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‘It’s not about Ramaphosa saving face, but about saving people’

KwaMamdikazi centre in Mariannhill now looks like a deserted horrid graveyard. Not a single shop or any facility was left after the after FREE ZUMA protest and looting of shops in KZN two weeks ago. File Picture: Nqobile Mbonambi African news agency ANA

KwaMamdikazi centre in Mariannhill now looks like a deserted horrid graveyard. Not a single shop or any facility was left after the after FREE ZUMA protest and looting of shops in KZN two weeks ago. File Picture: Nqobile Mbonambi African news agency ANA

Published Jul 26, 2021


DURBAN - THE lack of leadership and ways to prevent the spread of hate speech was discussed during a dialogue hosted by the 1860 Heritage Centre in Durban on Sunday confronting race, ethnicity, inequality and fake news.

Widespread looting and torching of businesses and warehouses took place in Gauteng and KwaZulu-Natal two weeks ago. The four-day spree led to 89 malls and shopping centres, one hospital, 45 warehouses, 22 factories, eight bank branches, 88 ATM machines, and 89 liquor outlets being looted, vandalised or set alight. In addition, 37 trucks were set alight and 139 schools were vandalised.

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Panellists were asked to share their thoughts on the unrest in relation to confronting racism, ethnicity, inequality and fake news.

Dr Mongane Wally Serote, an acclaimed writer and poet, felt the pandemic stripped the public naked so that they could look at themselves. He said exhibits from the 1860 Heritage Centre in Durban and Freedom Park Heritage Site and Museum in Pretoria should be made accessible to everyone in the country through roadshows. “This would educate people on the values people fought for in the country.”

Serote said the recent violence was counter-revolutionary.

“This is linked to a process that destroyed the state with unimaginable corruption. It created deep-seated factions. It is seen as ANC culture but it is not.

“The ANC culture is non-racism. What do we do to rescue the ANC values and culture? We need to renew our organisation,” he said.

Sbo Vilakazi, author and executive director of the Valley Trust, whose shop was looted, said the violence showed the extent to which the ANC was willing to go to settle factional differences. He said they were literally prepared to burn the country to ashes just to fight factional wars.

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“There was this issue that President Cyril Ramaphosa could not release the army early because of echoes of Marikana that would give one party the upper hand over him, but that is his problem.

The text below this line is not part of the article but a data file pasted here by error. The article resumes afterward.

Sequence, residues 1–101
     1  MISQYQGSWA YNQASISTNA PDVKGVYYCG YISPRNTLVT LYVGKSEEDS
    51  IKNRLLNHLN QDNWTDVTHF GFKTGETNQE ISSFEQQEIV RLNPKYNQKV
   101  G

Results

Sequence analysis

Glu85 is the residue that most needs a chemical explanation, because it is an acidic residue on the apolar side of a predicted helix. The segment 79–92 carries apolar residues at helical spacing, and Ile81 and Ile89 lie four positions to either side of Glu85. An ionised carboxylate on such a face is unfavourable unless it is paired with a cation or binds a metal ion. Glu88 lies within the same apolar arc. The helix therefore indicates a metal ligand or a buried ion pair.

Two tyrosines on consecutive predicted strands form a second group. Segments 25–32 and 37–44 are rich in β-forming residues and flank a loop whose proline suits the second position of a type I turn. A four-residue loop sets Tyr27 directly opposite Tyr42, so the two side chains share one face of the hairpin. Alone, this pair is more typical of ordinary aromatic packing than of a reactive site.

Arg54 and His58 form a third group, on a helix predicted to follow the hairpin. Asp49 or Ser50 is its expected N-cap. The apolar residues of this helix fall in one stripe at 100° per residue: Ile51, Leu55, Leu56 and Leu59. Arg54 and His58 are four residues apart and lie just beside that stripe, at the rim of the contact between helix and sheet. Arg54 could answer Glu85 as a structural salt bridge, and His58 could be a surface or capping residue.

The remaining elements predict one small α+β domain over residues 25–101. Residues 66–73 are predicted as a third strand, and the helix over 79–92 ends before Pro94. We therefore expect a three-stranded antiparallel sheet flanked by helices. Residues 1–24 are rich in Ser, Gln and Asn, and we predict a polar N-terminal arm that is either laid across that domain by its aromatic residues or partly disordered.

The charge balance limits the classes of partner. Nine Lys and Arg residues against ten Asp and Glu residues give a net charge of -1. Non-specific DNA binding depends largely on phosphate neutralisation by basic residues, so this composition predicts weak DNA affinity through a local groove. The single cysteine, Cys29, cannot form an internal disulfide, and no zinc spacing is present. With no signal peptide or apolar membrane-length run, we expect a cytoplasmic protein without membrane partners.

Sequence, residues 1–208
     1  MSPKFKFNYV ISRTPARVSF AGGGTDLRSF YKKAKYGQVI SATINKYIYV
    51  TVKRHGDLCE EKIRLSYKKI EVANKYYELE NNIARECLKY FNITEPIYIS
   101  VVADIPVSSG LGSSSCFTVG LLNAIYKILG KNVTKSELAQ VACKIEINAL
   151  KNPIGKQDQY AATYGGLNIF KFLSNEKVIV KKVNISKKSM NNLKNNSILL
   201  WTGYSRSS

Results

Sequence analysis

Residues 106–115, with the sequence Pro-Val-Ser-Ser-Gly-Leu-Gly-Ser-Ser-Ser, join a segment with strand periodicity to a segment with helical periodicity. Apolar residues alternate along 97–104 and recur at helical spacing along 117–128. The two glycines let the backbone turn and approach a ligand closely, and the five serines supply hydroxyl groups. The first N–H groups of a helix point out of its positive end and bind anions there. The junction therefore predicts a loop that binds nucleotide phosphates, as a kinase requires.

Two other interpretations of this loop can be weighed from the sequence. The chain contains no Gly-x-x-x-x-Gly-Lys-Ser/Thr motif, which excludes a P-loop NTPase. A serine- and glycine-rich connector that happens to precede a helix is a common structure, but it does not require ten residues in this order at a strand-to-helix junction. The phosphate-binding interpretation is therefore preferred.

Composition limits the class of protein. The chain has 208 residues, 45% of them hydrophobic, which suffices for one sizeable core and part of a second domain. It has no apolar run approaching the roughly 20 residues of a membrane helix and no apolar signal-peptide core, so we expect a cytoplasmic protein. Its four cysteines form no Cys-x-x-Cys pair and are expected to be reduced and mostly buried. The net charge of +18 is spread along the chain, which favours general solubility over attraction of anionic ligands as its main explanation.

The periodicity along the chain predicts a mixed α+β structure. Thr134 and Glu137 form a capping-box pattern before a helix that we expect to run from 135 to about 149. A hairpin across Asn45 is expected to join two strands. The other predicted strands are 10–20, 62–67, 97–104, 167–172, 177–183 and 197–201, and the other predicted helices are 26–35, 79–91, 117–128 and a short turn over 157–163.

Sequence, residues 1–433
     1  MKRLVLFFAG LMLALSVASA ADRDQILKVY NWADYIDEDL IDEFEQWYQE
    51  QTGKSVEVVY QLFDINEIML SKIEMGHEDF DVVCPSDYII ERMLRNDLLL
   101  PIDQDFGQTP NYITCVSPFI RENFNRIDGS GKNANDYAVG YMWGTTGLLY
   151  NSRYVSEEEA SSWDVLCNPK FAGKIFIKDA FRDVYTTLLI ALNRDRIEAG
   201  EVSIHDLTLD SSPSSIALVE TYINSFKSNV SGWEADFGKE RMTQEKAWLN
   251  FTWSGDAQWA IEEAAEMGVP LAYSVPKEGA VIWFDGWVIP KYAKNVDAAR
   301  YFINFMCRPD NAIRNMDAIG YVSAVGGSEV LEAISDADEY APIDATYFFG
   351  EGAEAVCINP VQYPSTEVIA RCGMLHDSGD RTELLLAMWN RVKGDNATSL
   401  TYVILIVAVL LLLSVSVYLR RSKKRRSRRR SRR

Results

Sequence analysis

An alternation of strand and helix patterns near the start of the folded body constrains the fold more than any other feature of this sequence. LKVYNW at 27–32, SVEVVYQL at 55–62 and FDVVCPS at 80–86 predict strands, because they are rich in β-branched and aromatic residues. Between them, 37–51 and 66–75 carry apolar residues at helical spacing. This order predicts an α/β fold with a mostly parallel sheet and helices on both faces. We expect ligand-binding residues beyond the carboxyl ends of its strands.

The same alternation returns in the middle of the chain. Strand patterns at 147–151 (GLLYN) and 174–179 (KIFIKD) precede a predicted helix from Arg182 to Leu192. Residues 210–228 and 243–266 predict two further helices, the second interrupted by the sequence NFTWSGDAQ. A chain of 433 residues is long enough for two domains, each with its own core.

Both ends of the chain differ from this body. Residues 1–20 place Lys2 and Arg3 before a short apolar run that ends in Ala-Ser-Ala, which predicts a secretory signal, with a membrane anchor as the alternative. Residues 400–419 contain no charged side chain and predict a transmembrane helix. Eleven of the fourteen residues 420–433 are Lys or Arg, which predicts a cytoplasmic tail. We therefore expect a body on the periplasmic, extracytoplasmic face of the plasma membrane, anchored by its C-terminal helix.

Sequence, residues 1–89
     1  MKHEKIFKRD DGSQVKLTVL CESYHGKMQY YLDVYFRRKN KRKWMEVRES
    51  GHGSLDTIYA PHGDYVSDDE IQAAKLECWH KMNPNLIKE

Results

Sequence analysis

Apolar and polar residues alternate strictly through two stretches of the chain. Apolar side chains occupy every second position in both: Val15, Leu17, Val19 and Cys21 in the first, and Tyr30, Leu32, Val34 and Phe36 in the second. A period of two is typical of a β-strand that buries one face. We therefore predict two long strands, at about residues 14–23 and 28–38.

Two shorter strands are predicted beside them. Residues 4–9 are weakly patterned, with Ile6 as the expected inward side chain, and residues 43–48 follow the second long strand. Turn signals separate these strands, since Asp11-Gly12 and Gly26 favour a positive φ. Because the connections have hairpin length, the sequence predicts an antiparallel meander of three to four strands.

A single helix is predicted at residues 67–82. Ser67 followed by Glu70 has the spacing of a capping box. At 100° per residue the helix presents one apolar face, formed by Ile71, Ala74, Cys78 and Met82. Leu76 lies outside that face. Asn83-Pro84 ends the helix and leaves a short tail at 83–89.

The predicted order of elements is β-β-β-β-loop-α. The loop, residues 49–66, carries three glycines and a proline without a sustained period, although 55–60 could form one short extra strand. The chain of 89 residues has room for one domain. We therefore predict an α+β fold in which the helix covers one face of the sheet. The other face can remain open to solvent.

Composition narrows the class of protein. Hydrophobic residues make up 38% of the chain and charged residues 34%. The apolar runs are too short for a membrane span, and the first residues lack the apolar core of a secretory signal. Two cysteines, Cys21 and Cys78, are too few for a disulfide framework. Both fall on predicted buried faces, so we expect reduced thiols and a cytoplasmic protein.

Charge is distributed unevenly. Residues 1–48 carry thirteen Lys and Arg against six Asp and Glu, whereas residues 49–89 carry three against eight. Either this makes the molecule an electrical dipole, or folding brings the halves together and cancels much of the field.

“We are not concerned about him saving face personally. We are concerned about what he does to save the people of South Africa. For three days he watched helplessly as the country burned. The extent to which our leadership can carelessly set us against each other as well as destroy the country.

“We had these riots within the communities, including xenophobic violence where assets within the community are destroyed but never to this extent. The local economy was decimated by the locals themselves.”

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Vilakazi said people could not get electricity vouchers for lights in their homes. They had to travel to other areas.

“I would be highly embarrassed to be in Ramaphosa’s shoes. It happened with no help from him. Inequality is the main issue. We must not dance around inequality. We are doomed to keep coming back to these times of strife,” he said.

Linda Zama, United Democratic Front (UDF) activist and ANC Struggle veteran, said there was a lack of capacity and understanding from leaders to what was playing out when service delivery protests were going on. Zama said it became a clear sign of discontent when people were demanding to meet politicians to inform them of the lack of service delivery and nothing happened.

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“People become agitated after handing over memorandums. I cannot understand why my country could not read what people were saying. They were not being listened to. The only way they get a response is when they destroy things. The rumblings have been there. People are associating the Constitution with a certain person. When all is gone where are we going to hide?”

Don Gumede, UDF veteran and son of Struggle stalwart Archie Gumede, said citizens’ hopes as a nation were beginning to be dashed. He believed that more engagement was necessary. He called for social media to be regulated and for ethical and truthful posting of events.

“For every visit to a site where it happened, different observers have different narratives. Social media carries different narratives. To propagate we assume there will be truthfulness and objectivity or honesty whenever reported. What we see now is that there are some people that are transmitting their own agenda,” Gumede said.

Bishop Rubin Phillips, Anglican bishop and chairperson of the Social Cohesion Council, said it all started with leadership. “The country needs leaders who are committed to matters of justice and peace and the citizens of the province.”

Phillips was concerned about the high unemployment rate among the youth. He said the issue of ward councillors taking sides based on race needed to be looked into. He felt the time had come for honest and sober reflections.

“We can point to many instances when we were in a deep hole. We faced major problems. We tend to gloss over it and not deal with some of the root causes.”

Economic Development, Tourism and Environmental Affairs MEC Ravi Pillay said in KZN people needed to adopt a fact-and-fiction-based approach to social media posts. He said the tech companies needed to be approached to track those responsible for disseminating hate speech and provoking violence.

Daily News

Related Topics:

Civil Unrest